Why you want to use pre-taught regulation strategies to help calm a child

Simply telling children to “calm down” will not work because most do not know how.

The importance of pre-taught calming strategies to help children calm down is twofold. Training these calming strategies builds resilience in the long run and ingrains the technique so that it is readily available when the children most need it, so you can use it when your child is becoming uncomfortable or even triggered. In other words, the more you practice, the easier it will be for your child to use the strategy when needed—and, eventually, on their own.

If you notice your child becoming agitated, you can sometimes use the activity to prevent a meltdown from occurring altogether.

My son learned to do it when he was just one and my students frequently report that two, three and four year old children learn to do it. How wonderful is that?

Our favorite science-based pre-taught calming strategy to help children calm down

I mentioned that my son has been able to use a specific pre-taught calming strategy from when he was one and that he’s still using it at the age of eight. The calming strategy is called slow-paced mindful breathing. And it’s super simple if you teach it the right way.

Slow-paced mindful breathing can help children throughout the day, whether they are feeling overwhelmed or anxious, need to relax or sleep, need to calm their body after exercising, or simply need to pause and reset when they are high energy.

But why does learning mindfulness skills help?

The effect of mindfulness practice on the brain is fascinating

We previously discussed why children lose control and how the brain’s smoke detector, known as the amygdala, tells the body to prepare for danger when children react to emotional states.

Children are more prone to overreacting because their brains are still developing, and most haven’t been taught how and when to self-regulate, and there could be a variety of causes for an overactive amygdala.

However, according to several studies (4) we can practice mindfulness to activate the thinking brain (5) known as the prefrontal cortex (PFC) and the part of the brain that helps memorize and retrieve information called the hippocampus (6), and reduce activation in the emotionally reactive part of the brain called the amygdala (7).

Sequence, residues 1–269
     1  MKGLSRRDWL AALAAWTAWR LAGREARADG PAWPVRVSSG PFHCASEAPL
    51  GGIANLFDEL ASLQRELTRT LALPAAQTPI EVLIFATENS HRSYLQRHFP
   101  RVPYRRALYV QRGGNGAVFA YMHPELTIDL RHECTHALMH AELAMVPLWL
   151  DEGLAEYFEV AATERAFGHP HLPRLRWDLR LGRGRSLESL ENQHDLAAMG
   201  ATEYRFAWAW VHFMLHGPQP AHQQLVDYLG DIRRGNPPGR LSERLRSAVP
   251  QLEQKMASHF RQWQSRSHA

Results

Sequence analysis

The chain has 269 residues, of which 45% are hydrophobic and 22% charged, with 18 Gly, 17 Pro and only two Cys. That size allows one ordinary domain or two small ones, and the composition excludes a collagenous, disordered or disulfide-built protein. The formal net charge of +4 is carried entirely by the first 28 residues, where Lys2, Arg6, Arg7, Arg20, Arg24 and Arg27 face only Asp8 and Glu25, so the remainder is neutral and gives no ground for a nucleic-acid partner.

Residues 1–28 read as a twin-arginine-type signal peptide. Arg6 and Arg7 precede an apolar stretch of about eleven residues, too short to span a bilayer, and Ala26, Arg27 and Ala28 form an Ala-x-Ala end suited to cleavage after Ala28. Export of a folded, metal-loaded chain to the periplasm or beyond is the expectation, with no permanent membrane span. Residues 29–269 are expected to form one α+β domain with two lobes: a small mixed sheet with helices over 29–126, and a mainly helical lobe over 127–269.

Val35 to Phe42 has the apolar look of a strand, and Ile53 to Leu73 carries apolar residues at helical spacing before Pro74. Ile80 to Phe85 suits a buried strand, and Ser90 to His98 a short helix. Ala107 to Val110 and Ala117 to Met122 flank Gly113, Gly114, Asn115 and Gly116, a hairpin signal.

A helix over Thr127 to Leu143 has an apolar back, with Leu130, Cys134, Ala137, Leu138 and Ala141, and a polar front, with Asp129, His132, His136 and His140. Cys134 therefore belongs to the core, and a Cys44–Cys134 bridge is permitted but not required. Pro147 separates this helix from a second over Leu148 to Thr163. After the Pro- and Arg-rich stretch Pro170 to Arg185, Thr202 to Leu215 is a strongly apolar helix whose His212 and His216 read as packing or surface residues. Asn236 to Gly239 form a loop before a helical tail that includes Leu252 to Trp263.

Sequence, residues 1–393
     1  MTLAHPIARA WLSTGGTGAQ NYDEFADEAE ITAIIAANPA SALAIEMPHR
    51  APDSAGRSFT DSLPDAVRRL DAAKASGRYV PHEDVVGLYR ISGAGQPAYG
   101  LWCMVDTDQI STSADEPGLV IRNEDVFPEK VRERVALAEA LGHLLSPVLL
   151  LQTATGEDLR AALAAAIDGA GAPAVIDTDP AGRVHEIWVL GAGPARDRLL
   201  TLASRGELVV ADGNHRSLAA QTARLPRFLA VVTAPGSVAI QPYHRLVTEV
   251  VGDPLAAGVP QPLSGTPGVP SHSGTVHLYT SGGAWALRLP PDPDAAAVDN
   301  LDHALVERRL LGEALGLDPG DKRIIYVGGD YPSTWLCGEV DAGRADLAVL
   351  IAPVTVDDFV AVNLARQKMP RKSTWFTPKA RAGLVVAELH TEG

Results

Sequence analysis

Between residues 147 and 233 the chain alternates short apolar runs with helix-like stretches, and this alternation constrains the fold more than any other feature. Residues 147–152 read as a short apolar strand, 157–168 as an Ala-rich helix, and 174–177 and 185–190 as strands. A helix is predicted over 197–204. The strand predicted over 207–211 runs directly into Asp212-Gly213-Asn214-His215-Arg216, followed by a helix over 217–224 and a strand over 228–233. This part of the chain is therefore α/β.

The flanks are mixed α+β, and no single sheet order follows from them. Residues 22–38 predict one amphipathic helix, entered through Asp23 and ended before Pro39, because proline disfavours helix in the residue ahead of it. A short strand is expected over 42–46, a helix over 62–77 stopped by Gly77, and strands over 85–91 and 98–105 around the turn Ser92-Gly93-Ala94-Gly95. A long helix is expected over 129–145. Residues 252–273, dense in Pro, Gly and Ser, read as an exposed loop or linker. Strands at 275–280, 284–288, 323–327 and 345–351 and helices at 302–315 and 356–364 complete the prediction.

While most studies on the neuroscience of mindfulness have been done on adults, preliminary research suggests that mindfulness might have similar effects for children (8,9,10,11,12).

How cool is that?!

Imagine being able to help children calm down repeatedly while also developing less reactive brains as their brains grow and prune.

In fact…

Among school-aged children, mindfulness has demonstrated effectiveness to promote executive function (EF) skills (13). Specifically, the EF skills of self-regulation (14 ) attention (15), and social skills (16) have been linked to mindfulness. 

Executive function and self-regulation skills provide critical supports for learning and development, and while children are not born with these abilities, they are born with the potential to develop them (17).

The full range of EF abilities develops and matures throughout adolescence and into early adulthood, and we can support and accelerate this development.

Why I recommend slow-paced mindful breathing

Slow-paced mindful breathing is the most useful calming strategy for children, based on what I’ve observed over the last ten years, for four reasons:

1. Slow-paced breathing has an immediate physiological effect, affecting the child’s nervous system and heart, allowing their body and mind to relax.

2. Mindful breathing has a mental effect, giving their brain a new task to focus on instead of the perceived problem. When we concentrate intently on the now instead of our mind chatter, we eliminate a significant amount of stress and worry. We shift away our focus from our thoughts and emotions.

3. You can make practice fun and engaging, even if many don’t know how.

4. Anyone can do it anywhere, and even secretly.

According to a recent Stanford study, even a few slow, deep breaths can reduce children’s physiological arousal. It was pointed out, however, that children require scaffolding and that telling them to “take a deep breath” may not be enough because it is not intuitive for young children, and that children are more successful if they have a visual guide (3).